I usually finish the day with the little things that don’t require a lot of mental energy (ordering things online, paying invoices, etc.).
WiHT: You’ve visited and lived in more than 25 countries. How do your travels shape your perspective on work and life?
BD: The #1 thing it’s done is made me a lot more confident in my business and life.
After canoeing in crocodile-infested waters in Vietnam and trekking in the jungles of Malaysia, it’s hard to get too nervous about dropping a few spots in Google or an outreach email being ignored. It’s basically given me a lot of perspective on what’s important and what really matters.
WiHT: What has been your favorite country to visit, and why?
BD: It’s hard to say, but I’d have to say Japan or Turkey.
What both have going for them is:
- They’re just so different than the States
- Super-friendly and kind people
- Beautiful sites (Mt. Fuji, Pamukkale)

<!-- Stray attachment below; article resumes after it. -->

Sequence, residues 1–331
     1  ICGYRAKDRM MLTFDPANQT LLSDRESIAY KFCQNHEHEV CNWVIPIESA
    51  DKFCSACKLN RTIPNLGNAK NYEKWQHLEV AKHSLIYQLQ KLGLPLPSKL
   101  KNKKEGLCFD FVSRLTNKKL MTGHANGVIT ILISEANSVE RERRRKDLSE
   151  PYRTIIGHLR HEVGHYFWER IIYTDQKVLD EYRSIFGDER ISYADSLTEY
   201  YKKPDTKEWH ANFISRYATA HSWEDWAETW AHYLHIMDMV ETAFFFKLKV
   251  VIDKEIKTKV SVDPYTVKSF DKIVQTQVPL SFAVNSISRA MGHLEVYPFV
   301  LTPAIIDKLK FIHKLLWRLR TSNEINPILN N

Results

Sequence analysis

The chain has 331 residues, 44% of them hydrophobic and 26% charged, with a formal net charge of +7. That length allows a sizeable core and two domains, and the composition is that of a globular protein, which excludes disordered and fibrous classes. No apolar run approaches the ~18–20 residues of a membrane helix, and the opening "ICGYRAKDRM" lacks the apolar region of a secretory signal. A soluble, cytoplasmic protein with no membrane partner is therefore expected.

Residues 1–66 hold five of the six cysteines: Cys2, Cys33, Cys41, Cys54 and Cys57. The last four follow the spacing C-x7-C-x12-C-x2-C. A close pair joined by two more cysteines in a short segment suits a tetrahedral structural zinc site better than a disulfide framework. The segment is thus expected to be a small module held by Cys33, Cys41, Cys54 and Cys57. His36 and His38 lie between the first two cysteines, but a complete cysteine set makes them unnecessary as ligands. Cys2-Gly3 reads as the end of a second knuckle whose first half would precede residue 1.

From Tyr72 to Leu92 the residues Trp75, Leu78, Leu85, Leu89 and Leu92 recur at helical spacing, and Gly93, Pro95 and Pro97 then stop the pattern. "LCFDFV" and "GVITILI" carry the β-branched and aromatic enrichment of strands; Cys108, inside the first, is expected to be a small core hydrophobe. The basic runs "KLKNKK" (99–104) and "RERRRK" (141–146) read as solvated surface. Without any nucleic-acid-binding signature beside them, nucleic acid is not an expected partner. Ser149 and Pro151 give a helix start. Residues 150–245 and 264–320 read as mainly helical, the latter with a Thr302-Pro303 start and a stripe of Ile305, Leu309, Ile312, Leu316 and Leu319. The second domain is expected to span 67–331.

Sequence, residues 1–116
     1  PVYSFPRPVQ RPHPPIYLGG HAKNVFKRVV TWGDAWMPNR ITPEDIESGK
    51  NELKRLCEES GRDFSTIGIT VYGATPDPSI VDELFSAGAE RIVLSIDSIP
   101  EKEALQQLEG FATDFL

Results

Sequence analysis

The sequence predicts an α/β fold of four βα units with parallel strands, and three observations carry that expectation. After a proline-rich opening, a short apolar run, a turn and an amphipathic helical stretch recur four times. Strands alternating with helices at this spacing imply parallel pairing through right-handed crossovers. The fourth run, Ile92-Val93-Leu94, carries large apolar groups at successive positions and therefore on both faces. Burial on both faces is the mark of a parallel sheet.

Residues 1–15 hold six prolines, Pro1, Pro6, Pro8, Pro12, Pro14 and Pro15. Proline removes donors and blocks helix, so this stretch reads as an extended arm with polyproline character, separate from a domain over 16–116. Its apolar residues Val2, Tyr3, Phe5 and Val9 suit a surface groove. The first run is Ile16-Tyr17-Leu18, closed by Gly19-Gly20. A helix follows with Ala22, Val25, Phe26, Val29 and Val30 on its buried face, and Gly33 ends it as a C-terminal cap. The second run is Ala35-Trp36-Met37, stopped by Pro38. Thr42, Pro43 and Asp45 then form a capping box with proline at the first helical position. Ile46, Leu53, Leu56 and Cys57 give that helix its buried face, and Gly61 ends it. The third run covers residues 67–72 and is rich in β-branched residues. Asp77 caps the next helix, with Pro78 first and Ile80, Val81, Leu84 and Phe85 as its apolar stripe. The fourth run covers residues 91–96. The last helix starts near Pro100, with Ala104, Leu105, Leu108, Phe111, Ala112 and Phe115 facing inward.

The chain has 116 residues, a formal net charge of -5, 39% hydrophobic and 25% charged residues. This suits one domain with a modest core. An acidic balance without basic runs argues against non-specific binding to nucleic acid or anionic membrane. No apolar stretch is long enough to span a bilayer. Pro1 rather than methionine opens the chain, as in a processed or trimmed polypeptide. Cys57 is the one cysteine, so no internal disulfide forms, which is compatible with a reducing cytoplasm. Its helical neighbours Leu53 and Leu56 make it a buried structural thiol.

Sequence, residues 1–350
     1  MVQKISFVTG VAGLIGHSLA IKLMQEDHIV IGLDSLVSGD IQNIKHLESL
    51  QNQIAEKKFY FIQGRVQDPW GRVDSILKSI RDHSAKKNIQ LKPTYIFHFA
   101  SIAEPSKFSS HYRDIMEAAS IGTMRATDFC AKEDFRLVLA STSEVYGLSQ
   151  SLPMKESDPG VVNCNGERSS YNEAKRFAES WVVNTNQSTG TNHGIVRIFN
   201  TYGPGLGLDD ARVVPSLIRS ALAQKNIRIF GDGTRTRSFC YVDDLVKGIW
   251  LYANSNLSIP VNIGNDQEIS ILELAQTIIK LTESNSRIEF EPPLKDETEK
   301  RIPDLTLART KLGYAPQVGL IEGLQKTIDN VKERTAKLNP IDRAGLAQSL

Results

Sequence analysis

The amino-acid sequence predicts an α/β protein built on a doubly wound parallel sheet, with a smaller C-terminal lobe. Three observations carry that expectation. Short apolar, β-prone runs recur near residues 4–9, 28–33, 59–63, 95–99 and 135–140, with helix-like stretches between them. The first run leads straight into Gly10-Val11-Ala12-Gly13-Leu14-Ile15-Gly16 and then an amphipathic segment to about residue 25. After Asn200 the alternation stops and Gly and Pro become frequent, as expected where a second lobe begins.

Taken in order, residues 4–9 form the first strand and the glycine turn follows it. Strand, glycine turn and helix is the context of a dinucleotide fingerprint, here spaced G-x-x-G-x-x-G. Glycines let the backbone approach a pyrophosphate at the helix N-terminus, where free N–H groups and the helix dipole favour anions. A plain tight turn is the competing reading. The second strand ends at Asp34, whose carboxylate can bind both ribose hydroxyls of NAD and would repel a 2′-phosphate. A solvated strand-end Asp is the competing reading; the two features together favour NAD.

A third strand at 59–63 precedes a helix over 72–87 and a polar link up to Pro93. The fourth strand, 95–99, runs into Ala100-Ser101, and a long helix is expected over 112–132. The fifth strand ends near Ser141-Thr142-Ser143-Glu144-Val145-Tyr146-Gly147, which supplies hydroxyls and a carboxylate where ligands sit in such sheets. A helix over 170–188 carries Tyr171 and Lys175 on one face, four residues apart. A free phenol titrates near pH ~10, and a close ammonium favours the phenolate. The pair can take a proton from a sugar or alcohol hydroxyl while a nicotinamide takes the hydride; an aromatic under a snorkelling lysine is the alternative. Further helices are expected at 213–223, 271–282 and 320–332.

- Great food (Sushi and Imam bayildi)
WiHT: You currently live in Berlin, Germany. What kind of effect, if any, does this have on your working with clients and colleagues in countries outside Europe?
BD: It’s not a huge issue, because the time difference is only six hours from NYC. The only time it crops up is when I need to talk to someone on the West Coast. If they can only talk at 2 PM PST, that means 11 PM for me. But it’s actually really rare because most people I work with are super-flexible with my Euro-schedule.
WiHT: What makes working remotely work for you?
If I didn’t have systems that kept me on track, I’d be a distracted mess.
Although there are probably more distractions in an office environment, there’s at least people around you who hold you accountable. Not so when you work in your living room.
Over the years, I’ve developed somewhat-psychotic routines and systems that keep me on track (like the aforementioned not checking anything until 4pm).
WiHT: What kind of work setup do you have? A home office? A co-working space?
BD:I have a table in my living room that acts as my desk. I usually put an empty box on the desk with my laptop on top of that so it’s a standing desk (a bit ghetto, but it works).
I’ve considered a co-working space dozens of times, but I don’t think I’d ever actually go. When I feel like I need to work outside of the house I usually head to one of Berlin’s many nice cafes.
WiHT: What life lessons did you take from Tim Ferris’s book “The 4-Hour Work Week”?